Obamacare And Its Marks

Conservative news sources, led by Fox News, are all over the falsifying of the President's big lie ("If you like your plan, you can keep your plan, period.") with the opening of the Obamacare exchanges.  So now the tune has changed.  The new party line from the President in the past week has been, the risk of cancellation of policies only applies to "about 5%" of the population in the individual market, whereas "the majority of folks will end up being better off" under Obamacare. 

I can't seem to find any calculation of how that "majority" thing has been determined.    But it's at least as dishonest as the "if you like your plan you can keep your plan" thing.  At very best they have a model projecting that effective premiums for healthcare will go down for 50+% of the population, but that's only one piece of whether a given individual will be "better off."   To figure that out honestly, you need to take into account that the subsidies in the system must be paid for either in taxes or inflation, and attribute those costs to individuals over time.  There is no way that the President and his crew have even tried to do that.    Their way is to treat government subsidies as free money that doesn't have any cost to anybody.  Same with the loss of freedom from the various mandates.   

So you are in your mid-20s and healthy, and with few assets.  Your income from your starter job or freelancing this year is only $25,000.  You're entitled to a big subsidy.   According to a chart of New York healthcare exchange prices here, it looks like you can get a plan for close to free, or perhaps $100 a month.  Are you "better off" with Obamacare?  Counting only the premiums for your healthcare, the answer is, maybe this year, and maybe for a few years, if you're planning to keep your income at that $25,000 for the foreseeable future.  But if you're like almost everybody your age, you are not planning to earn the $25,000 per year for very long.  As soon as you start moving up, you are on the hook for rapidly escalating premiums (the same chart shows monthly premiums of over  $300 by the time your income reaches $40,000) plus the taxes to pay the subsidies to the people who keep their incomes low.  Plus, of course, Medicare and Social Security taxes to support your parents.  And don't forget your student loans!  They are trying to convince you that you are "better off", but yes, you are the mark, the sucker.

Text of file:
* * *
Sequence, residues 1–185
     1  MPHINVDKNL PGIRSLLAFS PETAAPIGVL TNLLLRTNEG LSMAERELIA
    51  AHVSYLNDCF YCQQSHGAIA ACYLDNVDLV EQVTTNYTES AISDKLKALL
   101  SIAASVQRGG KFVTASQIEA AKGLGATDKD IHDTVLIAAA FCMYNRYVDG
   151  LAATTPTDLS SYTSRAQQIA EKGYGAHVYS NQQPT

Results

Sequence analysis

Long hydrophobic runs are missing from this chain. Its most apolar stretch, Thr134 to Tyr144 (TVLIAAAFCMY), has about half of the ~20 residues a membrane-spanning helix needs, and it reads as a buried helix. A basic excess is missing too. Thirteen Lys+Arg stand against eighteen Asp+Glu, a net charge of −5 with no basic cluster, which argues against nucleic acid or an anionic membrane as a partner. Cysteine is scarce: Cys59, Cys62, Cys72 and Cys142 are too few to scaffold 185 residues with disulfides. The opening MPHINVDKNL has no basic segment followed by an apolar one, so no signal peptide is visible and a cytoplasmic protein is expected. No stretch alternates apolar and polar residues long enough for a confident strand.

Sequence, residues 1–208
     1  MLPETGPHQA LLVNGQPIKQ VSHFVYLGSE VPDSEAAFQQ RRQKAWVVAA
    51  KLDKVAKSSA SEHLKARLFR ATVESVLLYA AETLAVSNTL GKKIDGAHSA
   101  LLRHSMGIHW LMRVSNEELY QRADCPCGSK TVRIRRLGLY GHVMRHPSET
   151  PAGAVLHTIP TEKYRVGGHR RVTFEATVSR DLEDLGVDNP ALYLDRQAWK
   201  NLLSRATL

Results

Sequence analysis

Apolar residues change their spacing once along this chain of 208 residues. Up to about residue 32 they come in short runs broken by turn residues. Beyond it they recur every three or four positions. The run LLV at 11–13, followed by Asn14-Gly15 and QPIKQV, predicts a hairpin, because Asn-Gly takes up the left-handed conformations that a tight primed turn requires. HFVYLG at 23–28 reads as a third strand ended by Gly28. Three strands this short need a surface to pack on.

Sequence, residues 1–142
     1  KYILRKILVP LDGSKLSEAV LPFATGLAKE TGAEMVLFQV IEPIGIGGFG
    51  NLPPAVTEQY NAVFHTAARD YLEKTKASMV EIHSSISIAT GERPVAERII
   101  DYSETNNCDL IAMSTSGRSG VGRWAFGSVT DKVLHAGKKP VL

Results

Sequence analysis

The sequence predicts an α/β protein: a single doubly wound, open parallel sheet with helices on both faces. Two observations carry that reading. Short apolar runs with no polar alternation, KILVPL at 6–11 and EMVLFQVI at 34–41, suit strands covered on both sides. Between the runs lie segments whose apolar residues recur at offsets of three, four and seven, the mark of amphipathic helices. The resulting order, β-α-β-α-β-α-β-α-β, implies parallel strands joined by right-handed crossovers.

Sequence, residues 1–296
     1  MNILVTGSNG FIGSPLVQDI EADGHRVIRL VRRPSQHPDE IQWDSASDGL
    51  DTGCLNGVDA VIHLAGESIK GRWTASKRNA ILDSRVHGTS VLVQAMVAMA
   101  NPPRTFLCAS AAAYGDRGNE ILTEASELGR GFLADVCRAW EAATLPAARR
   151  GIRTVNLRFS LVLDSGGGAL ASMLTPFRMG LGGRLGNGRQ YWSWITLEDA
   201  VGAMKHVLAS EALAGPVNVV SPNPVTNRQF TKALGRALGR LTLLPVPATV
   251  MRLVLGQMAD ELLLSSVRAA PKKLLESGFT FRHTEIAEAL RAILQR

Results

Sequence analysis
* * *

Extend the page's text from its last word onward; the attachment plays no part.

And by the way, did I mention that the effect of the subsidies is to make your escalating healthcare premiums function as a gigantic additional marginal tax as your income rises from about $25,000 to $40,000?  While your income goes up by that $15,000, existing taxes are going to take about $3000 of that, leaving maybe $12,000, and then as the subsidies phase out your healthcare premium is going to go from $100 to $300 per month, an increase of $2400 per year, which is a full 20% of what otherwise would have been your increase in take-home pay.  You are 27 years old, earning a lower-middle class income, and facing an effective marginal tax rate of 50%.  HAHAHAHAHAHAHAHA.       

A few days ago I predicted that people in the private economy would quickly get to work to find ways around the Obamacare debacle.  I came up with a few ways they might do that, from family re-definition to buying black market insurance from Canada.  But of course, the big idea is something I didn't think of, yet spotted on a tv commercial a couple of days ago.  This idea is prepaid care from a large medical group.   It's not "insurance" from an "insurance company," so it looks like Obamacare does not apply.  (In fact, the pre-paid care model is how the Blue Cross plans got started back in the 1920s.)  A group in this area called AMG is now offering unlimited doctor visits for a flat pre-paid fee of $79 per month, below even the cheapest Obamacare subsidized plans for people making as little as about $30,000.   OK there's no pediatric dental coverage, and no maternity care for young men.   More importantly, it doesn't cover hospitals, but your risk of needing hospital care is small and if you have the big accident they have to treat you and you can just not pay the bill.  Not perfect, but clearly a far better solution for many many young people than the Obamacare ripoff.